Is this good enough? We might be tempted to think in terms of politics, where any result over 50 percent is a win, and anything in the 80 percent range is “virtually unanimous.” We might be tempted to think in terms of schooling, where 50 percent is a failing grade, but 80 percent is a decent showing—a B average. But a little false teaching “leavens the whole lump” (Galatians 5:9). According to the Pew survey, there is more than a little false teaching among evangelicals—12 percent are not sure whether—or positively believe—that the Bible is not the Word of God and that heaven does not exist; 18 percent are not sure about—or positively deny—the existence of hell; 20 percent don’t believe in a personal God; 42 percent say, or at least remain open to the possibility, that non-Christian religions can lead to eternal life; it goes on from there.
The universal church of Jesus Christ is described as the “body of Christ” in Romans, 1 Corinthians, Ephesians, and Colossians. When people in the church reject God’s teaching, they are acting as aberrant parts of the body. Modern medicine helpfully provides us with a name for a condition where cells in the body behave abnormally and stop performing their proper function; it’s called cancer. If a human body was 12 percent, 20 percent, or 40 percent cancerous, would we call that body healthy? The world thinks Christians are hypocrites; can we blame them?
Someone may object that my language is too strong, that I go beyond the pale of what the Bible teaches. Here is how Jude 12-13 describes those in the church who teach false doctrine, “These are hidden reefs at your love feasts, as they feast with you without fear, shepherds feeding themselves; waterless clouds, swept along by winds; fruitless trees in late autumn, twice dead, uprooted, wild waves of the sea, casting up the foam of their own shame; wandering stars, for whom the gloom of utter darkness has been reserved forever.”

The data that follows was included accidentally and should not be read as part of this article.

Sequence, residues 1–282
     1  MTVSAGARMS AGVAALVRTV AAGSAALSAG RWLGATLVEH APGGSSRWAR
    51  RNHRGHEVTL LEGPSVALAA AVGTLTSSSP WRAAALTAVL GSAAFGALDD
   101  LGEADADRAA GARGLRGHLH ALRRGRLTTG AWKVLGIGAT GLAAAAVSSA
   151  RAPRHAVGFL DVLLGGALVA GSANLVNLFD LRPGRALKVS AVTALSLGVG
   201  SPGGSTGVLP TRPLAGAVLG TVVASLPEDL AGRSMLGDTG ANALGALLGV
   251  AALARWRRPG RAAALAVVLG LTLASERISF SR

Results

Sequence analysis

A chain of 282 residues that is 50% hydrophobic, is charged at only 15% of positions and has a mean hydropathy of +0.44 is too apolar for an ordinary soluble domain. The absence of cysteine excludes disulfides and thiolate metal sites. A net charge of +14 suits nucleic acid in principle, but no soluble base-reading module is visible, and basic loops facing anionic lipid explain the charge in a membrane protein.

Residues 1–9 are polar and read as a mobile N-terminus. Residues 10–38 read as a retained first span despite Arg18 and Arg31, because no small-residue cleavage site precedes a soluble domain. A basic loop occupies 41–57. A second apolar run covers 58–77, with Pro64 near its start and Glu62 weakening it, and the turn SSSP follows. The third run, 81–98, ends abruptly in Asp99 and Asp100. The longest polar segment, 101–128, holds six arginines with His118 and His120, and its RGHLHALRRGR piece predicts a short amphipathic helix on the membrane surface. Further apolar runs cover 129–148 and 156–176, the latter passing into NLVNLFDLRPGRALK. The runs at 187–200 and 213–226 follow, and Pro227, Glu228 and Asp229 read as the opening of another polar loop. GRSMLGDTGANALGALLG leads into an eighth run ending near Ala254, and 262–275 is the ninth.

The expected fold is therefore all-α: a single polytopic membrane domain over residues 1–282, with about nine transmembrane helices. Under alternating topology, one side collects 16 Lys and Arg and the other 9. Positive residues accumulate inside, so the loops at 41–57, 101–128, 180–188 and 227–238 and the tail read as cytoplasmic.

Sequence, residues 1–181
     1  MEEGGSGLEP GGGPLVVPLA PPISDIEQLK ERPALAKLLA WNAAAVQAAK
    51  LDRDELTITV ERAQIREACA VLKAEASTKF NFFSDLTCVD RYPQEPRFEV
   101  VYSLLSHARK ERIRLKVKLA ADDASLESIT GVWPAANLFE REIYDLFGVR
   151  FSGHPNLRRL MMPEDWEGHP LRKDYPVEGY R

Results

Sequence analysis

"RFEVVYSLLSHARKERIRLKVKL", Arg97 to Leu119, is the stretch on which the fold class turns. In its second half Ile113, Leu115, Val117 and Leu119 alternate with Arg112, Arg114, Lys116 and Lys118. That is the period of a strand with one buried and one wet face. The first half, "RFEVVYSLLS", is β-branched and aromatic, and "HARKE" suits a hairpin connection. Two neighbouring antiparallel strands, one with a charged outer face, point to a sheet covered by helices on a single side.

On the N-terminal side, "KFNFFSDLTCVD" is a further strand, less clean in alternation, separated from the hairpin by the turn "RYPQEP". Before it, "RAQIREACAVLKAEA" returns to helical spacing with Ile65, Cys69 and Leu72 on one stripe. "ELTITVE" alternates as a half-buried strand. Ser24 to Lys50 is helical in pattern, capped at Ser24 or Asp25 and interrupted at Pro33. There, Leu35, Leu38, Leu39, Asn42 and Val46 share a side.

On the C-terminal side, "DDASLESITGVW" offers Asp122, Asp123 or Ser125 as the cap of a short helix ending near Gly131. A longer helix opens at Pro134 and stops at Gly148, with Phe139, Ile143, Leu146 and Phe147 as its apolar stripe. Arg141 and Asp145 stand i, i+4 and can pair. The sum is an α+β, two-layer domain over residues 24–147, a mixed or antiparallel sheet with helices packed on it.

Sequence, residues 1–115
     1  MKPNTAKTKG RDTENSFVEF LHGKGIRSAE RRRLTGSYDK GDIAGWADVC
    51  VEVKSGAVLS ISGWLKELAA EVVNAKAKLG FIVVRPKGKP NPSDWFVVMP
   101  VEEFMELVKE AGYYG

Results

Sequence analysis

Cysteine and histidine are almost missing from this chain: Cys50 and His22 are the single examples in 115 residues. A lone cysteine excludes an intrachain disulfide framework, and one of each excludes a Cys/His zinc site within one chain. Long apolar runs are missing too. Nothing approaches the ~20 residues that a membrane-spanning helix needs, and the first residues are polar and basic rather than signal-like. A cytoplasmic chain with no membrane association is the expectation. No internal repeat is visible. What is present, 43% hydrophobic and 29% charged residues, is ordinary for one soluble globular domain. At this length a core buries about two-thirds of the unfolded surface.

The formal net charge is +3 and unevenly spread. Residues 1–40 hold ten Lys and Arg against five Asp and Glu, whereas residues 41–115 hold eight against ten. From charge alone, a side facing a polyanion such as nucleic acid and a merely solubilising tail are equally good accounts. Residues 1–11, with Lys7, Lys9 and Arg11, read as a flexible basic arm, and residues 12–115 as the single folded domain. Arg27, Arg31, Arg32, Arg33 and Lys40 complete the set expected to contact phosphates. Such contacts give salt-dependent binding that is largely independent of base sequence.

A 2018 study by LifeWay and Ligonier, two Christian publication ministries, provides further and more specific evidence of the extent to which false beliefs have permeated the church, including evangelicals. I encourage you, the reader, to investigate their findings at your leisure. If nothing else, they drive home the confusion in the church amidst a culture steeped in moral relativism.
It may be that this camel has only got its head into the tent of evangelicalism. But if evangelicals continue to imitate the mistakes of the mainline denominations, then we too will prove that where the camel’s nose goes, the rest is sure to follow. Paul’s exhortation to Timothy is as appropriate now as at any moment in church history: “Keep a close watch on yourself and on the teaching. Persist in this, for by so doing you will save both yourself and your hearers.”